Film review: Glass only half full as M Night Shyamalan's schtick gets more transparent

Sarah Paulson as Dr Ellie Staple in Glass
Damon Smith

WRITER-director M Night Shyamalan's mind-bending thriller orchestrates a head-on collision of intriguing characters from his earlier features, Unbreakable and Split.

As brittle and transparent as the title suggests, Glass unfolds in a menacing present day populated by super-powered heroes and villains who could be torn from the brightly inked pages of a comic book.

Shyamalan's confidently executed but emotionally starved conundrum pretends to defy well-worn conventions but ultimately abides by them within a narrative framework which includes an obligatory twist – the film-maker's increasingly laboured trademark since his Oscar-nominated The Sixth Sense.

Cinema audiences with limited exposure to the Marvel or DC Comics universes will be able to second-guess the writer-director's sleights of hands and will be surprised and disappointed by how linear the central plot turns out to be.

Bruce Willis and Samuel L Jackson deliver muted performances in keeping with the film's largely predictable design, both fading into the background as James McAvoy reprises his show-stopping role as a killer with multiple personalities.

The Glasgow-born actor careens between this menagerie of colourful misfits at dizzying speed, altering accents, mannerisms and posture to convince us that he is an impish nine-year-old boy called Hedwig, a serene matriarch named Patricia or a hulking protector known as Barry.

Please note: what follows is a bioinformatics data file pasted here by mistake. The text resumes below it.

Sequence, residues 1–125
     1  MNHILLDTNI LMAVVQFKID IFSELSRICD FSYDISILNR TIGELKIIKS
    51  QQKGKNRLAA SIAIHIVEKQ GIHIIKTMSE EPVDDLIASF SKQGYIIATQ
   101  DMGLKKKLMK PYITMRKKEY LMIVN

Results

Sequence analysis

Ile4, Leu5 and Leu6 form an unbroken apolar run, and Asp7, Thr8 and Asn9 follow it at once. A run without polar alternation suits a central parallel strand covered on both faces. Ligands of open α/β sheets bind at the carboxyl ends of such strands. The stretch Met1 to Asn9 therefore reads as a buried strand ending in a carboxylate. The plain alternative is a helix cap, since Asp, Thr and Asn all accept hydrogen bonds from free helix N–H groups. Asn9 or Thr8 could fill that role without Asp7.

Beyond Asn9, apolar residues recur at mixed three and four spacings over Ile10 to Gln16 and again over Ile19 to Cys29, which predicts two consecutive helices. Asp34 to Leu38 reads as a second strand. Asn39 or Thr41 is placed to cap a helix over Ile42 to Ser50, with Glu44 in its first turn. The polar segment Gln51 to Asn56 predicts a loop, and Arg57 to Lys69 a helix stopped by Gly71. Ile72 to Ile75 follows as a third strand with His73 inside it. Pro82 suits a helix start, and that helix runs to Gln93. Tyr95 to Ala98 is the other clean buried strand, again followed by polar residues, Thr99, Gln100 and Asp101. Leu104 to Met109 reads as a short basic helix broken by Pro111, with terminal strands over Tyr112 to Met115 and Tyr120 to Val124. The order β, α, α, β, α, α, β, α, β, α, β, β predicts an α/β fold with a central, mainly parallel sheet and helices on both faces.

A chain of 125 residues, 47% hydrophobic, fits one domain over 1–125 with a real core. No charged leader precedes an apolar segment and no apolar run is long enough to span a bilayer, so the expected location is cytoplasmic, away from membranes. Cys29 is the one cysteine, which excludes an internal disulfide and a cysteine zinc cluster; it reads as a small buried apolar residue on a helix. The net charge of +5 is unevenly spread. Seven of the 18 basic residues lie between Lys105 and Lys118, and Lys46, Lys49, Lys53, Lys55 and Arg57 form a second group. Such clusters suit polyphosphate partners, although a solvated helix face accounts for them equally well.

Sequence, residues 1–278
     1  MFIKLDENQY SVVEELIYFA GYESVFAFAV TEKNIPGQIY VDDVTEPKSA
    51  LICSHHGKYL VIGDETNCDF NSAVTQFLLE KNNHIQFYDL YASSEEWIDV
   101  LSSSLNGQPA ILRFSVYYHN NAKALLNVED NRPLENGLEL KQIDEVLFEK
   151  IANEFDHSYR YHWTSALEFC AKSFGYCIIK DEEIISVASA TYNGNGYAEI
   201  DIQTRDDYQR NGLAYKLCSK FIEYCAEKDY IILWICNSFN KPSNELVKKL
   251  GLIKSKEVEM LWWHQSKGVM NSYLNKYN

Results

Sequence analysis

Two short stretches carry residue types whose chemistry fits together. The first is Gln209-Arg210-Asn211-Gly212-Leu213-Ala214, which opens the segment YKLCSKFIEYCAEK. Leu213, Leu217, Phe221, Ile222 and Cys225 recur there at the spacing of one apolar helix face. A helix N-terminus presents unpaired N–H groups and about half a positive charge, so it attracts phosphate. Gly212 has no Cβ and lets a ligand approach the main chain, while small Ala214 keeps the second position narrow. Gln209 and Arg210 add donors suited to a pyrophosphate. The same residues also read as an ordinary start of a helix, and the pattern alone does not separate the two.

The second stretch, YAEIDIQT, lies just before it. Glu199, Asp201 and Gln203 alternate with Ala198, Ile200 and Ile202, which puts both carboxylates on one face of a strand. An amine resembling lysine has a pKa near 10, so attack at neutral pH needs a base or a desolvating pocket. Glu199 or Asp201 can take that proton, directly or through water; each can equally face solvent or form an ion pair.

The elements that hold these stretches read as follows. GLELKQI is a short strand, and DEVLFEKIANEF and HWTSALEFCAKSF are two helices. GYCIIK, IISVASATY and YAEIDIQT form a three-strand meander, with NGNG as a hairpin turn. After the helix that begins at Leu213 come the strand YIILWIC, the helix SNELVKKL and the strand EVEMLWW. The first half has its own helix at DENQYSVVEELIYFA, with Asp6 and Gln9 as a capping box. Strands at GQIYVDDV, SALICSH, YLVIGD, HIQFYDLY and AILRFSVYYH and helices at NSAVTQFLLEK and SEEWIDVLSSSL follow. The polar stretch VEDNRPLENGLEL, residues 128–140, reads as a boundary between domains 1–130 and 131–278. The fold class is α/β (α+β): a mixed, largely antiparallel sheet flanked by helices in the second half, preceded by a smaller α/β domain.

Dr Ellie Staple (Sarah Paulson) is a psychiatrist who specialises in a specific delusion of grandeur: individuals who believe they are superheroes.

Working out of Raven Hill Memorial Hospital in Philadelphia, she oversees the treatment of three intriguing individuals: zoo employee Kevin Wendell Crumb (McAvoy) aka The Beast, security guard David Dunn (Bruce Willis) aka The Overseer, who can unmask sins through touch, and Elijah Price (Samuel L Jackson) aka Mr Glass, whose brilliant mind is condemned to a painfully fragile body.

Aided by a team of nurses including Daryl (Adam David Thompson) and Pierce (Luke Kirby), Ellie challenges her patients' self-belief, asking them to entertain the possibility that science can explain the glittering facets of their twisted psyches.

As the treatment reaches a shocking resolution, Kevin's only surviving victim Casey Cooke (Anya Taylor-Joy), David's proud son Joseph (Spencer Treat Clark) and Elijah's understanding mother (Charlayne Woodard) await news outside the hospital's security gates.

Running a shade over two hours, Glass is fashioned around splashy set pieces including two brutal, bone-crunching showdowns between McAvoy and Willis.

Paulson counters all the pent-up testosterone by shrouding her shrink in mystery, plus there is a superfluous and self-indulgent cameo from the film-maker himself.

In terms of compelling narrative arcs and satisfying resolutions, this Glass is only half full.

GLASS (15, 129 mins) Thriller/Horror/Action/Romance. James McAvoy, Bruce Willis, Samuel L Jackson, Sarah Paulson, Anya Taylor-Joy, Spencer Treat Clark, Charlayne Woodard, Luke Kirby, Adam David Thompson. Director: M Night Shyamalan.

RATING: 6/10

Released: January 18 (UK & Ireland)

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